I learned as much as the children did through this experience.

  • The ScriptCraft drone with the in-game REPL is brilliant. Kids love it and can make good use of it.
  • LearnToMod sounds awesome. Their approach (run the servers on behalf of the learners) makes a whole lot of sense. Alas, with the poor Internet access we had, doing the class in conjunction with LearnToMod would not have been an option.
  • The creator of ScriptCraft has since published a book (A Beginner’s Guide to Writing Minecraft Plugins in JavaScript). Teaching a class based on pre-existing material like that could have made my life easier.
  • I shouldn’t sign up to do a class when I’m already oversubscribed. At the time that I started exploring the class, I thought there would be no trouble… but I had so much going on when the class started that it was a struggle to sneak in my work for the class. The timing was just not quite ideal.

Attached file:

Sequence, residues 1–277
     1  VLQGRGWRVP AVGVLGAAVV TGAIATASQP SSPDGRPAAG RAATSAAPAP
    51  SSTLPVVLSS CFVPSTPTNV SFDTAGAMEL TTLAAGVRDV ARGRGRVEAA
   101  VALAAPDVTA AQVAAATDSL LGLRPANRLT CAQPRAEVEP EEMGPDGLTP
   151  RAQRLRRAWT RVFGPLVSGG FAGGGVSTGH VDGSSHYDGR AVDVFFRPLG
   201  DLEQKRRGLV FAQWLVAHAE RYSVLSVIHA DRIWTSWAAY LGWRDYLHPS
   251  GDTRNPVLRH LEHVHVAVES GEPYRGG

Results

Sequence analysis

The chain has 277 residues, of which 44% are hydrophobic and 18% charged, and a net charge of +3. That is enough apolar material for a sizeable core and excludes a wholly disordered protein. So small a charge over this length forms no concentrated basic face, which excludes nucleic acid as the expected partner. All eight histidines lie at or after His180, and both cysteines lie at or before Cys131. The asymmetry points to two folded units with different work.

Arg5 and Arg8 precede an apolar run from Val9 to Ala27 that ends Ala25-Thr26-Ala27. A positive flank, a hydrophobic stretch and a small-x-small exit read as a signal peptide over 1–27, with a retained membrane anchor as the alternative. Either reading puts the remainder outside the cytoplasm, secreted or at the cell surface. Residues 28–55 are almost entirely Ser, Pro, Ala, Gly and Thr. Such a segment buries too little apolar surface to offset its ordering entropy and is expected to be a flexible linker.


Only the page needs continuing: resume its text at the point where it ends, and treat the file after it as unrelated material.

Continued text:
• Even though the flipped classroom approach wasn’t as smooth as I hoped, I would definitely do that again. Especially when it comes to homeschooled kids, it makes sense for the kids to spend as much time exploring as they want. I would want to make sure that the in-class activity time could be smoother than the way it went for this class.

Minecraft is used for teaching a wide variety of things, and ScriptCraft offers a lot for people who want to learn programming in Minecraft, once you get past the setup.